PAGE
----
Tuesday, October 19, 2010

PSYCHO: Blu-Ray (Paramount 1960) Universal Home Video

By 1960, Alfred Hitchcock was an international celebrity – instantly recognizable around the world. Only part of this notoriety was due to his films. Hitchcock’s more palpable form of celebrity came from his weekly appearances, introducing segments of his own television series Alfred Hitchcock Presents on NBC. Budgetary restrictions and the fast pace of shooting television would come to serve as a template for Hitchcock’s most popular cinematic endeavour.

Often cited as the film that matured American cinema into its present state of sublime cynicism, Psycho (1960) is based on a novel by Robert Bloch rooted in the real life serial killings by a deranged New England farmer who quietly butchered his neighbours. In the book, Norman Bates is a rather pudgy middle aged recluse – easily identifiable as someone with a darker side. In transplanting the attributes of a serial killer into the seemingly normal and youthfully handsome Anthony Perkins, Hitchcock plays upon an erroneous - yet almost universal misperception; that evil is immediately and quite easily identifiable or, as Shakespeare more astutely observed, “he that smiles may smile and be a villain.”

Budgeted at a remarkably modest $800,000, Psycho went on to earn forty million in its initial release – a telling sign of the cost-cutting that would come to exemplify film making more and more throughout the 1960s. Joseph Stephano’s screenplay carries an immersive underlay of psychoanalysis, perhaps because the writer himself was also in therapy at the time the script was written.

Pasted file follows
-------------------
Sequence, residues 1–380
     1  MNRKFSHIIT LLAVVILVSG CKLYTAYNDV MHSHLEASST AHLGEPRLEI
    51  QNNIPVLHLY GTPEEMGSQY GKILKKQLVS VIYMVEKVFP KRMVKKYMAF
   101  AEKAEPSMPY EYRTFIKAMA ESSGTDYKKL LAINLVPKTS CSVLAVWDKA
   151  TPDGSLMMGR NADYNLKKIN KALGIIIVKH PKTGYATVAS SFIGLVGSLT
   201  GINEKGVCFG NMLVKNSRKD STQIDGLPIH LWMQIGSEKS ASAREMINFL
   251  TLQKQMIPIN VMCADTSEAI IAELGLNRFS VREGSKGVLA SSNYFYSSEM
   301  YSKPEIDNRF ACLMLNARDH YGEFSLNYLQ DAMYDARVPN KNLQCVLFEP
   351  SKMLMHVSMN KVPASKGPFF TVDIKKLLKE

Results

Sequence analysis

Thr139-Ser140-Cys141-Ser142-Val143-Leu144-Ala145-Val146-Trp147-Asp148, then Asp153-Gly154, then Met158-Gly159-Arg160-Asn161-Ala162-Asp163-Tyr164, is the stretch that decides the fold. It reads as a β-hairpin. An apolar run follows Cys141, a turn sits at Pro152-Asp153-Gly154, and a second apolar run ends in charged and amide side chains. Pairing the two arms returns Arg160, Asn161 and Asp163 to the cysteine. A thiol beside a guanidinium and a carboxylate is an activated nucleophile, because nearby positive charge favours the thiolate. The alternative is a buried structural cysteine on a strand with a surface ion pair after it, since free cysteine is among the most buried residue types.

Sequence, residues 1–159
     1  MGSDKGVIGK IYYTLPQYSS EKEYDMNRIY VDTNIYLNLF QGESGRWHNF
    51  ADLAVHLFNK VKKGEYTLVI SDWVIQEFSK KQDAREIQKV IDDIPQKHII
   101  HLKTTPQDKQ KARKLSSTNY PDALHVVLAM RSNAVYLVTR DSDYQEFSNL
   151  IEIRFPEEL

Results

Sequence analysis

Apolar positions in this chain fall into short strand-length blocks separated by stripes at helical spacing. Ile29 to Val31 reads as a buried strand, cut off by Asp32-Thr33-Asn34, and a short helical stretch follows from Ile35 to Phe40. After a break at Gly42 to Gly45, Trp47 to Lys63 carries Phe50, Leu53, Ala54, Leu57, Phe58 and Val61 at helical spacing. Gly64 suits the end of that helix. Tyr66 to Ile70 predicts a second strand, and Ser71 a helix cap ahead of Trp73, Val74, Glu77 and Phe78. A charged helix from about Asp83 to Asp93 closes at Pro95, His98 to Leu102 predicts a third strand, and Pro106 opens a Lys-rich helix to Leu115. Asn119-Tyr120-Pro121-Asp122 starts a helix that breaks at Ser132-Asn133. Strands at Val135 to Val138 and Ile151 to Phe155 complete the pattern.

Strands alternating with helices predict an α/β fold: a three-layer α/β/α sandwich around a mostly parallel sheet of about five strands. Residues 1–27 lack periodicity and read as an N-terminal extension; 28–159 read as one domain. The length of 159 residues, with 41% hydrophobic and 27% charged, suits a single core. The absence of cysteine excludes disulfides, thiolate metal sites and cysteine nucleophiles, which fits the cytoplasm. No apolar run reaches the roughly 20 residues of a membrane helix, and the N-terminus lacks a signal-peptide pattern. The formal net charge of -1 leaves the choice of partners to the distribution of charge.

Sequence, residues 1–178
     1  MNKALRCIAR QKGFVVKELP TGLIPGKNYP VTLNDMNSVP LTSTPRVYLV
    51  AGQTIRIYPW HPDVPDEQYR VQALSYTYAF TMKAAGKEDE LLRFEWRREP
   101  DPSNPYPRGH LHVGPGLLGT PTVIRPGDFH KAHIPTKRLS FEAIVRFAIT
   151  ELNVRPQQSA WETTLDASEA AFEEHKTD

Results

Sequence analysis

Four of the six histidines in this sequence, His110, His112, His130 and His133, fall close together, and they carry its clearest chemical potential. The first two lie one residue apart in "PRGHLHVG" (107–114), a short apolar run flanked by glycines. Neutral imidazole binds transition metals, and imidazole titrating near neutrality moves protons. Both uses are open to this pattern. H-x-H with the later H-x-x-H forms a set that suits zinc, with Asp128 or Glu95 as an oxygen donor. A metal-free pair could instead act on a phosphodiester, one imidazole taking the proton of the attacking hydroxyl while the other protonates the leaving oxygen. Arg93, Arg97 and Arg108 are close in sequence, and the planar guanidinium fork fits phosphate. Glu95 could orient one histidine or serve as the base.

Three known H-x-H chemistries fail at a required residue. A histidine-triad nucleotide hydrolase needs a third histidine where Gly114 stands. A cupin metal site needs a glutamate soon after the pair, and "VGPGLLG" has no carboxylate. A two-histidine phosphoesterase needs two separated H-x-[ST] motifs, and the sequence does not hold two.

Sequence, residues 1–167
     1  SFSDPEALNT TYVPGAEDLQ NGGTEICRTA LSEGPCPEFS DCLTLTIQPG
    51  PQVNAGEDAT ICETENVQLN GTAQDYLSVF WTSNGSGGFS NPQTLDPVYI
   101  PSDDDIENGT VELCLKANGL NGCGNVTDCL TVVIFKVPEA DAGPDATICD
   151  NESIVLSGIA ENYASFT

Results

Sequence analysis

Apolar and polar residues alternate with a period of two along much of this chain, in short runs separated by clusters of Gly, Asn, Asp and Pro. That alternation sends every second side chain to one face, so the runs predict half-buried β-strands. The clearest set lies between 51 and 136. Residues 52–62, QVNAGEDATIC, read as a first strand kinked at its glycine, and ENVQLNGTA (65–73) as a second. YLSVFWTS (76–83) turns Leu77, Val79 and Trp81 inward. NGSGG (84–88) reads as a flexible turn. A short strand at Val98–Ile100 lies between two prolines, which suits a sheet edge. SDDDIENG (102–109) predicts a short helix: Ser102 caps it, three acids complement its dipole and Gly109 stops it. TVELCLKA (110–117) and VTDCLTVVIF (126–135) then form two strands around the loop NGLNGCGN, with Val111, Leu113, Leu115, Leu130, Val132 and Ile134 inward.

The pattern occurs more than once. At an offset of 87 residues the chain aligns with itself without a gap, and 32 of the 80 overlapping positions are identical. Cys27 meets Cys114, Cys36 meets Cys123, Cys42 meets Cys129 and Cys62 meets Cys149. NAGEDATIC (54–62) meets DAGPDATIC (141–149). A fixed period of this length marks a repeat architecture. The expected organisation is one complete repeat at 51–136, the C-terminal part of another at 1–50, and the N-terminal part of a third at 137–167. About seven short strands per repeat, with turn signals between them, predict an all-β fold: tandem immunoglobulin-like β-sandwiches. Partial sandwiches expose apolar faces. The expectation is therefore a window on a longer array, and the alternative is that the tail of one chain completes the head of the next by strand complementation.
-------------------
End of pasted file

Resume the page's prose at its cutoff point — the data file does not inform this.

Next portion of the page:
The story begins with Marion Crane (Janet Leigh); a hot and bothered secretary whose lover, Sam Loomis’ (John Gavin) is unable to commit to marriage because he is struggling to pay for his ex-wife’s alimony. To expedite her way to the altar with Sam, Marion decides to steal fifty thousand dollars from her employer as a runaway down payment on that fantasy life she misperceives can be hers.

Unfortunately, en route from Phoenix to Fairfax the weather turns ugly, forcing Marion to take a night’s refuge at the Bates Motel from which she will never return. The motel’s proprietor, Norman Bates (Anthony Perkins) is a congenial mama’s boy on the surface, but quickly develops a paralytic sexual frustration that manifests itself as murderous psychosis. After stabbing Marion to death inside one of the motel showers, Norman disposes of her body in a nearby swamp.

Enter private investigator, Milton Arbogast (Martin Balsam). Assigned by Marion’s employer to track her down, Arbogast eventually traces Marion’s route to the Bates Motel and shortly thereafter suffers the same fate as our heroine. Forced to take matters into their own hands, Marion’s sister Lila (Vera Miles) and Sam journey to the motel and that now infamous old gothic house on the hill just beyond – actually a free standing set built on Universal’s back lot.

After Sam diverts Norman's attentions, Lila hurries up to the house to explore. Having earlier been told by Arbogast that Norman's mother is an invalid, Lila is determined to question Mrs. Bates as per her sister's whereabouts. But Norman becomes unsettled by Sam's probing questions. After temporarily knocking Sam unconscious in the motel's office, Norman hurries home to confront Lila who has hidden herself in the cellar, the last place she thinks anyone will look for her.